Strange you asked. I was up in my attic a couple of hours yesterday
because I had exactly the same problem. I bought some thick foam 3/4
inch copper pipe insulation and insulated my pipes from the water
heater to the end of the main trunk. Costs about $30.
But you probably don't have water pipes in your attic like I do. In
that case you are pretty much out of luck.
On your next new house, have the hot water lines wrapped in 2 to 3
inch insulation and wrapped in heavy plastic before you bury them.
This might be a consequence of running 3/4 feeds, as many new
houses have. Thus, more standing water has to be replaced before
the hot water shows up. I replaced my hot water lines with 3/8
flex, and now get hot water after 20 oz. of draw, with no
appreciable lessening of volume. But my runs are short.
that's bullshit. if you have a tank then it's full of hot water and the only
time you need to wait is the time it takes for water to each the faucet from
the tank, which is 10 or 20 seconds, not 4 minutes.
If you have a tankless water heater, I don't know how long you wait but I
doubt people would use those if waiting 4 minutes for hot water with the
faucet running would be the norm.
Don't jump to a conclusion so quickly. It took me at least 3 minutes to
get hot water. Flushing cold water from 150 ft of 1" pipe takes (about
6 gallons) takes 4 minutes at 1.5 gpm. At 2.2 gpm drops to 2.7 minutes.
Still a long time. Installing a thermosyphon dropped this to seconds.
j j wrote:
Instant hot water can be achieved by installing a RedyTemp. The unit
is loved by homeowners but not as many plumbers. The main reason for
this is RedyTemp's "super easy less then 10 minute install". You
can't bill much labor for a 10 minute install. And even less if the
homeowner installs it themselves. If you visit www.redytemp.com you
can see a movie of a 10 yr old girl install the unit is LESS THAN 3
MINUTES. Whether you need hot water fast, have pipes frozen, water
frozen in pipe issues, want to save water, save gas, save electric or
just want to save energy RedyTemp is ready when you are.
Hot water recirculators have been around for some time. But, most
people don't even know about them. I on the other hand believe I do
know alot about them...why? Because I did over 2 months of comparison
analysis of the different types / brands on the market. Anyone can
download this analysis which contains pictures, prices, and other
miscellaneous "facts" which I collected exclusively from the internet
during the 2 month study.
Why would I do a 2 month study? Because I was offered to purchase a
business, patent and trademark for a great sum of money. Just like
me, you would also put a great amount of thought, research, market
analysis before you spent a lot of your savings. The market analysis
which consisted of surfing the internet for hot water recirculators,
hot water on d'mand systems. There are roughly 8 different kinds
available on the market. They're priced anywhere from $149 through
$600 and more (this does not include the installation cost). Some
have wireless remote control activation (so you can just "press a
button remotely", if the non-standard camera battery in the remote
control has been replaced within the last 30 days, costing $15 dollars
or more every 30 days to replace, and you don't mind having one
clipped on your belt next to your cellphone so you don't have to chase
it down), some have "press button" to activate, some run all the time,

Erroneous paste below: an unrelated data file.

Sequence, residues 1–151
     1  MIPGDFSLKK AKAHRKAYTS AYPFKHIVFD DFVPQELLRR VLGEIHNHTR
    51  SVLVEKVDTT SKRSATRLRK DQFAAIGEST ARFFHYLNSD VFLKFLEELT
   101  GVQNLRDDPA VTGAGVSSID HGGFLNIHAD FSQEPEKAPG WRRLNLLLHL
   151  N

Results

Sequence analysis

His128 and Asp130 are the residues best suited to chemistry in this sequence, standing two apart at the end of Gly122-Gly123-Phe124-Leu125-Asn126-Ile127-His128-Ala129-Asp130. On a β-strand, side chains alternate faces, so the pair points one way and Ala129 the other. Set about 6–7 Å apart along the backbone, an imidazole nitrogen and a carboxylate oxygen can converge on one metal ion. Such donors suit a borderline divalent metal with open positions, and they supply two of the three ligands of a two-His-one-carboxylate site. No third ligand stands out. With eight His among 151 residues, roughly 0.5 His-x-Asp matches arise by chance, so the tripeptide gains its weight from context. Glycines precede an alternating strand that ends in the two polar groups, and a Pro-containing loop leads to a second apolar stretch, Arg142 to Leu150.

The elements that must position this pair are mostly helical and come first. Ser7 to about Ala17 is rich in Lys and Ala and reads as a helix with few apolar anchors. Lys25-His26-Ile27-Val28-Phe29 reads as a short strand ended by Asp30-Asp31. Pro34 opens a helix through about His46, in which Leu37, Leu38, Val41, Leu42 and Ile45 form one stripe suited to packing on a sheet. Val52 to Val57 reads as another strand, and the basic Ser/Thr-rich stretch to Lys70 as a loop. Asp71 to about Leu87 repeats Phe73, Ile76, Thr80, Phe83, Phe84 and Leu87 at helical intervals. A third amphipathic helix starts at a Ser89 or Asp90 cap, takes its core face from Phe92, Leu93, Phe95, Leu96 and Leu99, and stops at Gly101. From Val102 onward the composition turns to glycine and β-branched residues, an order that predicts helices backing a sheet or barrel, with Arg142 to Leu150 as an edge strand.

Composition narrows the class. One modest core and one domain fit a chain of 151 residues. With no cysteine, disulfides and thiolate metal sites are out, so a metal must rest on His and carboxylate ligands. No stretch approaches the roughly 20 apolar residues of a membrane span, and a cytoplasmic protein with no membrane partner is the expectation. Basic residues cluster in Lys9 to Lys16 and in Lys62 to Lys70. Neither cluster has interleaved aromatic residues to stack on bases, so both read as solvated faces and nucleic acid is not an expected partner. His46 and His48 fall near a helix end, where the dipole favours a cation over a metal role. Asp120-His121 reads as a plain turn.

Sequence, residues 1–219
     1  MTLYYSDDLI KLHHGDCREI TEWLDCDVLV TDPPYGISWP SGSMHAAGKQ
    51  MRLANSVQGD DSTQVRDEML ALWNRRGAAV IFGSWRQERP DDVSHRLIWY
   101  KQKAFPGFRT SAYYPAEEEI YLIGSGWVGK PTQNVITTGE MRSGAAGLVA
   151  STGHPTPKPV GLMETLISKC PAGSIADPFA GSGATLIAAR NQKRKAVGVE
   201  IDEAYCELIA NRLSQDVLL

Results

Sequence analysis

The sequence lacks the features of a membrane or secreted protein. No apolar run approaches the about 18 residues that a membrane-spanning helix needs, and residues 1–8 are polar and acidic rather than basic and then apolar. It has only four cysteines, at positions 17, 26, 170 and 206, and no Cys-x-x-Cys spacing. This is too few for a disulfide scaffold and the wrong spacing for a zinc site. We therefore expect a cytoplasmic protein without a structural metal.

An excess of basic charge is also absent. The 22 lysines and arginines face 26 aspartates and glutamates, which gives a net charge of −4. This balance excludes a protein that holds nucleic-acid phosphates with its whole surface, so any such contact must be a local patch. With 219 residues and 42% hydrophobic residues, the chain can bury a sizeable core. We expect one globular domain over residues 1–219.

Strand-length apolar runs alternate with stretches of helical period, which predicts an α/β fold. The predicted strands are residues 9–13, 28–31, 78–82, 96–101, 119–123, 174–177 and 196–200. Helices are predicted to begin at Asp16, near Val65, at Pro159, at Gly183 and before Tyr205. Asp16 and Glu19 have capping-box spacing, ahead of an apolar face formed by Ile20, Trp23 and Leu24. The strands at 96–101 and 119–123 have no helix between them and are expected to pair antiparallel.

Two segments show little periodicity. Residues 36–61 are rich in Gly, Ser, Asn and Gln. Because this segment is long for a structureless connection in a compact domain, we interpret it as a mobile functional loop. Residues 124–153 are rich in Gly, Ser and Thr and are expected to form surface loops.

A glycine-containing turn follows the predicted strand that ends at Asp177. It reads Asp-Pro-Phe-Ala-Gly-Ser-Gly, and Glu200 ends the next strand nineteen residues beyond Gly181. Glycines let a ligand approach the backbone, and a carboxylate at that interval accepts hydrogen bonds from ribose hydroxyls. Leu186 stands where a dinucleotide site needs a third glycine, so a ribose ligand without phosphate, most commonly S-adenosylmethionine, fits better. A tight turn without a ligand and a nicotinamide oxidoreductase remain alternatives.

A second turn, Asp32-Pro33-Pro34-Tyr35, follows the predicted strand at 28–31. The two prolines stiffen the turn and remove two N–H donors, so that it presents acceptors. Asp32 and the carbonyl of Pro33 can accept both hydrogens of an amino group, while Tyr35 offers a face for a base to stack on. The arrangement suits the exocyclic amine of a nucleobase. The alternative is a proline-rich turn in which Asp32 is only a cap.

some run automatically, some have timers, some only work with "closed
loop" or dedicated hot water return lines (RedyTemp can be used on
either type of systems), some use the cold water line to return the
water back to the water heater (causing issues with warmy water in the
cold line, RedyTemp doesn't have this problem due to its patented
manifold and adjustable temp control capability). Some are noisey,
some are quiet. Installations range from 10 minutes to do an
installation....and others can take up to 3 hours or more and require
multiple plumbers type tools, draining of the water heater, cutting
and measuring pipe, soldering, running wires all throughout your house
to each tap / faucet (so you can press a button "every" time your
gonna use the hot water....and then.....stilll wait for hot water to
arrive), most require mounting to a solid wall, purging, calibrating.
Most void warranty if unit is run without water in the line,
accidentally or not (RedyTemp has run tests to ensure that this is not
an issue with our units). All these troublesome installation issues
often cause homeowners to shy away from the hot water recirculator
idea. Plumbers would much rather run a dedicated line back to your
water heater which takes "time" and materials ....thats where the
dollars can quickly jump from your pocket to theirs. I have nothing
against plumbers, they have families too and they provide a valuable
service to the community.
Throughout my research I discovered 2 consistant issues with all the
recirculators on the market as of 2004... The problems were the
installations were just too scary from a homeowners point of view who
has no plumbing experience (that included me) and the second thing was
that calcium / hard water more often then not made the recirculators
fail / clog within the first or second year and sometimes as quick as
a few months. I even heard a guy who had bought a brand, took it
home, installed it...thinking it was faulty due to the "not soo hot"
water which was being delivered, took it back to the store and stated
that it must be a bad one, got another one off the shelf, took it home
installed it...but, still the water being delivered was not hot. He
then took this second unit he had tried back to the depot store and
asked why the water was not so hot...where the plumbing dept person
working their stated that, 95degree's was the highest temperature that
any hot water recirculator could do (apparently he hadn't heard of a